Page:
Violence, natural disasters and hate crimes fill the nightly news and social media feeds. Much as parents may want to shield their children from such tragedies, it’s not always possible.
Instant access to news from every corner of the globe may leave children believing that horrible things happen everywhere, all the time. That can have a negative effect on their sense of security and well-being.
Because children’s brains are still developing, they are more sensitive to the unexpected acts of violence taking place in our world. They need adults to help them make sense of what they are learning and reassure them of their safety.
Children already know more than adults think they do when it comes to tragic events, so it’s important to know how to talk about such incidents with them. Here are 10 tips for how to approach the topic with them.
- The conversations should arise naturally, as a response to a child’s questions or comments. As the adult, you should welcome their thoughts and inquiries, and show that you are open to talking about their concerns. Let them know their feelings are normal. Children who don’t have a trusted adult to help them process the information they are getting may attach their own personal meaning to it, which can be distorted or misguided.
- When such conversations come up, listen to what the child is saying and tailor the discussion to their level of understanding, interest or distress. Don’t ever force a conversation. Let the child lead the discussion. Validate his or her feelings, and gently correct any misinformation.
- Ask questions such as “What do you know?” and “What questions do you have?” Then, adjust your responses accordingly.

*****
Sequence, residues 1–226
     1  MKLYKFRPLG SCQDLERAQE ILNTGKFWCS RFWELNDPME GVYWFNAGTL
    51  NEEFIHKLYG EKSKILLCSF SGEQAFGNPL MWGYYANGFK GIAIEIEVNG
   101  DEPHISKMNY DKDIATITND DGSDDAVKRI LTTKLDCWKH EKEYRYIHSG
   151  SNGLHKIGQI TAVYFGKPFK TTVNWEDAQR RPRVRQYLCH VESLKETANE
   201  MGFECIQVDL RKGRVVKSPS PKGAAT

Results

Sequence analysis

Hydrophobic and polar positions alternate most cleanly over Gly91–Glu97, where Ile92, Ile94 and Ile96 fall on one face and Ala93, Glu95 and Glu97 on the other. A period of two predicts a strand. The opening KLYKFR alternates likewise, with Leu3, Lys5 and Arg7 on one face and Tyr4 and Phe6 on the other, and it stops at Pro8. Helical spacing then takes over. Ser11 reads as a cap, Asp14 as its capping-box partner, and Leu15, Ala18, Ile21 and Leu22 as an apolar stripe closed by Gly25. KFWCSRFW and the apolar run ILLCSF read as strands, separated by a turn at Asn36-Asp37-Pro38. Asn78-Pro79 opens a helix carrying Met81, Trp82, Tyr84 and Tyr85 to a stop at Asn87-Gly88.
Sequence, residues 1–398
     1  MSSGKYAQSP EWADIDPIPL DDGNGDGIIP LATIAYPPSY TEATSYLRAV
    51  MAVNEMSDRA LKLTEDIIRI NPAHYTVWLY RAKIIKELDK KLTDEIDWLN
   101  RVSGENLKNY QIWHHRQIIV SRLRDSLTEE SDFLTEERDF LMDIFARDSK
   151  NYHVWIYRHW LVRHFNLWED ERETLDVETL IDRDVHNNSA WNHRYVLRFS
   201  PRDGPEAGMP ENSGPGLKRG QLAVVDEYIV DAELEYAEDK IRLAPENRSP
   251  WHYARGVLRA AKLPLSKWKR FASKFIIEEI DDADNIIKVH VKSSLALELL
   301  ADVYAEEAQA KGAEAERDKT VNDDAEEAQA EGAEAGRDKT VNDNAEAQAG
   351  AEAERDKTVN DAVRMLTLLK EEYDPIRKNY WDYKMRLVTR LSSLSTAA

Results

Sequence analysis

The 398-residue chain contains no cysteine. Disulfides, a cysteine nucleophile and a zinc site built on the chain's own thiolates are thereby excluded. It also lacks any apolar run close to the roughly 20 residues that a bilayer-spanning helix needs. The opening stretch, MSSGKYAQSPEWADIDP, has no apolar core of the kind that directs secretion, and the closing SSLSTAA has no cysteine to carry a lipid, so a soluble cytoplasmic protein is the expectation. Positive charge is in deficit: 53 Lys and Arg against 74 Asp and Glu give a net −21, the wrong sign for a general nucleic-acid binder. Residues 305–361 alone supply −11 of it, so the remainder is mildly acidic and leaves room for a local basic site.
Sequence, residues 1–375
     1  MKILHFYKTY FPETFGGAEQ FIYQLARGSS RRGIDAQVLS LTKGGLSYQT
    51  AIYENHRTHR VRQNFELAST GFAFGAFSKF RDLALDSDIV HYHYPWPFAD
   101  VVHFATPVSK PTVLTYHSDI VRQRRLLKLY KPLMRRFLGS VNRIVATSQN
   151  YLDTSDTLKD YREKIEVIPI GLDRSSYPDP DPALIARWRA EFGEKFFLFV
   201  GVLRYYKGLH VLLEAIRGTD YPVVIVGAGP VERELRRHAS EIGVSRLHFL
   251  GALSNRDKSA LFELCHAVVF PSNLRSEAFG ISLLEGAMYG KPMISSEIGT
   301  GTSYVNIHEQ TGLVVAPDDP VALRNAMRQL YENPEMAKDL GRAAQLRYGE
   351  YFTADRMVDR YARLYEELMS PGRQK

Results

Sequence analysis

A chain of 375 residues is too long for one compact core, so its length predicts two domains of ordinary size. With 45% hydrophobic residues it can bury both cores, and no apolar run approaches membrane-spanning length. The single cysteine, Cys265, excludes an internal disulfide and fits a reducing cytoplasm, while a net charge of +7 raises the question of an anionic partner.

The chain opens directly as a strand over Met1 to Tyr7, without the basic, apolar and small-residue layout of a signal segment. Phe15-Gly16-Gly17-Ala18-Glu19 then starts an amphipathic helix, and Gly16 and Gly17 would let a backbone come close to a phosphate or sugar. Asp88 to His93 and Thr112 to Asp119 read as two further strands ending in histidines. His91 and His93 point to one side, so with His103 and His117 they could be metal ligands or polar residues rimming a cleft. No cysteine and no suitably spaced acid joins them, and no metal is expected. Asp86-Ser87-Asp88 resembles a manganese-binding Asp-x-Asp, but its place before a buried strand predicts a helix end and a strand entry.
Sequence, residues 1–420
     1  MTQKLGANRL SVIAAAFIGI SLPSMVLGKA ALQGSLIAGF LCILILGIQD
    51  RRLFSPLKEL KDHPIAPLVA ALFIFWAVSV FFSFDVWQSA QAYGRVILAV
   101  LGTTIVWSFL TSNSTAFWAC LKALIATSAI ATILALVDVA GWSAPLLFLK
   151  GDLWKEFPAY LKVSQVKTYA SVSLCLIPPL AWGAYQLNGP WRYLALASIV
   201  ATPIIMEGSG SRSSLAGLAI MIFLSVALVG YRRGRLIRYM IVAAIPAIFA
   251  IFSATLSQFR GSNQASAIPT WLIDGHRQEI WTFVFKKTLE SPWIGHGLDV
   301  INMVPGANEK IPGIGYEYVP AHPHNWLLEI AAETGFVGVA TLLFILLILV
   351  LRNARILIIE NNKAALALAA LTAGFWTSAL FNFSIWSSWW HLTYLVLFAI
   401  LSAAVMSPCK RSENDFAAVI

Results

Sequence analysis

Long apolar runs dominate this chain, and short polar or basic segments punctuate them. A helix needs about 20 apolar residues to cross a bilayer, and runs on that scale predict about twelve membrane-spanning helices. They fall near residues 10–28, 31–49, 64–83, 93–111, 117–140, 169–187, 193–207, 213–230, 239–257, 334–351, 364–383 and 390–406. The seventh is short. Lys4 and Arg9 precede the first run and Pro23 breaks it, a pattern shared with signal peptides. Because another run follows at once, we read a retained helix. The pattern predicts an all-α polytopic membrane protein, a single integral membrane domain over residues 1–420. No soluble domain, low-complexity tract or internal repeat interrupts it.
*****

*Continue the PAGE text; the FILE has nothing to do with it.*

- Understand that children younger than 7-9 years of age usually don’t fully comprehend the finality of death. They may see video game characters come back to life after being killed and apply that to other situations.
- Avoid adding unnecessary information to what the child already knows, especially when it comes to graphic images or details.
- Focus on those who are helping to make the traumatic situations better, such as government officials, the police, emergency responders, medical professionals and volunteers.
- Use difficult events as an opportunity to foster empathy for those involved. Talk about the positive things you as a family do to be kind to others and help those in need. When the tragedies result from people hurting each other because of their differences, talk about healthier ways to handle emotions. Send a message of inclusion and kindness.
- Remember that children will learn the most from watching and listening to you. How you respond to and talk about such events will set an example for them, even if you aren’t talking directly with them. Be mindful of what you discuss and how you talk about it when they are present. Avoid heated political discussions, sensationalized news or discussions of conspiracy theories when young eyes and ears are around.
- Avoid stereotyping groups of people by race, nationality, or religion. Use negative events as opportunities to teach tolerance and explain prejudice. Model the behaviors you want them to replicate.
- If your child doesn’t want to go to school after hearing about a shooting on television, reassure them that their school is safe. Don’t allow them to stay home. That will only make things worse by reinforcing the idea that they do have something to be fearful of.
In cases where a child becomes paranoid, fearful or intensely affected by tragic news, it may be beneficial to seek out counseling or therapy. Younger children may demonstrate this need by regressing with developmental milestones such as toilet training or sleeping through the night. They may appear more anxious and worried or have nightmares. Older children may become overly fixated on following the details of certain events. They may need to take a break or detach so it doesn’t consume them. In some cases, a child may become aggressive or withdraw as a way to deal with his or her feelings.
Above all, when processing news of tragic events, children need a message of safety and security.
Salman Majeed, M.D., is a child and adolescent psychiatrist at Penn State Health Milton S. Hershey Medical Center.